Ready, Aim, Fun: Shooting with Jessi
When someone off-handedly said to me on my eighteenth birthday during my freshman orientation that I was old enough to shoot a gun, the idea kind of stuck. I grew up in Brooklyn and the only thing I knew about guns was that they were for cops, and if they weren’t for cops, they were illegal. My neighborhood in Brooklyn was more like a small town than I’d like to admit: many people who grew up there never left, and if they did were bound to come back. Our set of experiences all closely mirrored each others: most of our parents were strict Italian or Irish who sent us to Catholic school; we ate in the same places, partied in the same places, and seemed to all be headed on a similar course. Suffice it to say, I was the only person in my high school to ever attend Bennington and probably even the only student who had ever even heard about it. When I came to Vermont the closest I had ever been to a gun, beyond seeing it on Law & Order SVU, had been standing next to a cop on a crowded train. Out of curiosity I peeked down at his holster. I had never even seen a gun in its entirety.
When I came to Bennington there were many things I had never done. I had never driven on a winding road, been camping, lived within a twenty mile radius of a Wal-mart, been to a contra dance, knew someone who played the Banjo or, of course, shot a gun.
By the start of my Junior year, I owned a Subaru and had whipped it around a turn on 7A while holding a coffee too many times, been camping and canoeing, been to Wal-Mart more times than I am comfortable admitting and took my first Banjo class, but the idea of shooting still lingered. When I had first thought of going to shoot, I saw it more as something gimmick-y – some real “Vermont-ish” thing to do that would make a cute story at the Christmas table. As time passed though, I began to take the idea more seriously. The debate about gun law and restrictions was becoming more of a hotbed issue by the day, and the more I heard it spoken about, the more I realized that I had no realistic idea or experiences about guns or gun owners. So by the time Cale, who I had met while he was working at South Street, Pierce and I had made plans to go shooting, I was genuinely and seriously interested. We decided on a Wednesday. The morning was pretty cold. We set out for South Street where we switched into Cale’s car, and drove off to the gun shop in Shaftsbury to get ammo. The shop looked like an old wooden and slightly run down shack on the outside. A cheerful black lab greeted us at the door and Cale went to speak to the two men behind the counter. When Cale asked what kind of ammo we would like one of the men behind the counter snorted and said that so would everyone else. The other man eyed me curiously and the dog jumped up to almost my height, putting her front paws on my shoulders. Perhaps my clothes were not quite right or perhaps it was something about my demeanor in the store, but it was clear that both men looked at me knowing full well that I didn’t quite belong.
We then drove out to Cale’s parents house which was one of the most charming, beautiful cabins I had seen. After meeting Cale’s dad, he gave Cale his guns and asked if we had any experience shooting. He reminded us to always treat the guns with the utmost respect. We went out to the backyard where we could set up a small plank to put bottles, cans, jugs filled with water, and a small makeshift target right in front of a small hill so that all the bullets would fly safely into the dirt just beyond the targets. Cale set the guns down and started by taking out the rifle. He proceeded to explain everything to me. I was shocked and nervous about all the details he laid out for me – I had always naively assumed that the kind of people who owned guns and were exposed to them would be more casual around them, but it turned out both Pierce and Cale instantly became serious upon taking out the guns from their coverings. I nervously smiled and realized that I had been far too off casual about this whole thing. Cale explained certain protocol that seemed so obvious but had never occurred to me: the gun should always been pointed down range, never turn and face someone holding the gun (whether it’s loaded or not), always let everyone know when you take the safety off and never put you finger on the trigger (even if the safety is on) until the moment your target is in sight and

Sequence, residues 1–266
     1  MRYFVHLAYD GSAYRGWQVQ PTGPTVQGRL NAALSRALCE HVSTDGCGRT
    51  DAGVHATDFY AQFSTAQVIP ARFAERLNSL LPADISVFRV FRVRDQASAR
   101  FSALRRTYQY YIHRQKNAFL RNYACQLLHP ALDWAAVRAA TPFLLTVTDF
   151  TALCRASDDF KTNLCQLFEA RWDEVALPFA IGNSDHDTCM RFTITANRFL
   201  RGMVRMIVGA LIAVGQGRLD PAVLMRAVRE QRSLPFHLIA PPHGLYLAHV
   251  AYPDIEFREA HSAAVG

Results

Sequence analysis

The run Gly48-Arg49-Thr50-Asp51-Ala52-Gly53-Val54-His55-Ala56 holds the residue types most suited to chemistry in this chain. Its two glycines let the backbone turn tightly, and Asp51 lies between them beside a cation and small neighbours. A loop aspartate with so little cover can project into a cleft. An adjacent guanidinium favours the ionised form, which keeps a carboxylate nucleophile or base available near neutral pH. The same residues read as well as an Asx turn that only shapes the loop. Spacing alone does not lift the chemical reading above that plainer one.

you are ready to shoot. I decided to take my first shot lying on the ground as I felt more secure there because I was afraid of the kick. Cale then showed me how to load the rifle. My scarf, winter coat, and gloves were too bulky and I had to take then off. The cold made my fingers stiff and my nerves made me fumble. The gun was difficult to load, but once it was, I took a deep breath, tried to calm my nerves, placed the butt of the gun tight against my shoulder, took the safety off, aimed, put my finger on the trigger, and shot. The bullet sounded like the a short intensified clip of a car zipping by in the Battery tunnel. The kick back was next to nothing. I smiled even though it was a miss. I grew calmer and more determined to actually make the shot. Pierce explained how breathing was key and told me not to hold my breath. I exhaled slowly, took my next shot, hit my target (a coffee cup filled with water) and with a wide smile, watched the water fly into the air. We all took turns shooting. Pierce and Cale, who had both been shooting many times before, hit nearly every target they shot at, while I hit around one every four shots. When we had used up all the ammo we moved onto the shotgun. The process of loading it was much different, we loaded one shot at a time, as the bullets were obviously much larger and Cale had me practice four or five times loading and unloading the gun myself so I could get a feel for it. The gun was heavier in my hands and my fingers were sore from being cold so I decided that I would shoot from the ground. As I prepared to shoot, I realized that I couldn’t get the butt of the gun tight against my shoulder this time because of the size of the gun versus the size of my arms, so despite my uncertainty, I decided to shoot standing up. I re-loaded the gun, placing it back down on the floor while I stood up, and everyone put on their protective ear and eye wear. There is something instantly gratifying about the click of loaded a shotgun. I pressed the gun tight against my shoulder, aimed (finding it much easier to aim without the scope), took the safety off and fired. The kickback was much stronger. I felt as though I had been punched in the shoulder. The rush from the shotgun was much more exciting than the rifle and I let out an instant yelp of glee. I found the smoky smell of gunpowder that filled the air somewhat comforting. The more I handled the guns I began to develop a kind of calm that Pierce and Cale had established long before me. My feelings and ideas about guns and the people who shot them were completely changed. Shooting was not some wild “Vermont-ish” thing to do anymore. I felt the absolute necessity to treat, like Cale’s dad advised, the guns with the most absolute respect and seriousness. This did not diminish the excitement or the fun, but it helped me to understand the simple reality of what I was doing. To me, shooting for the first time was an experience much like the first time you go to Coney Island and get on the Wonder Wheel, and if you haven’t done this, it is quite difficult to explain it to you.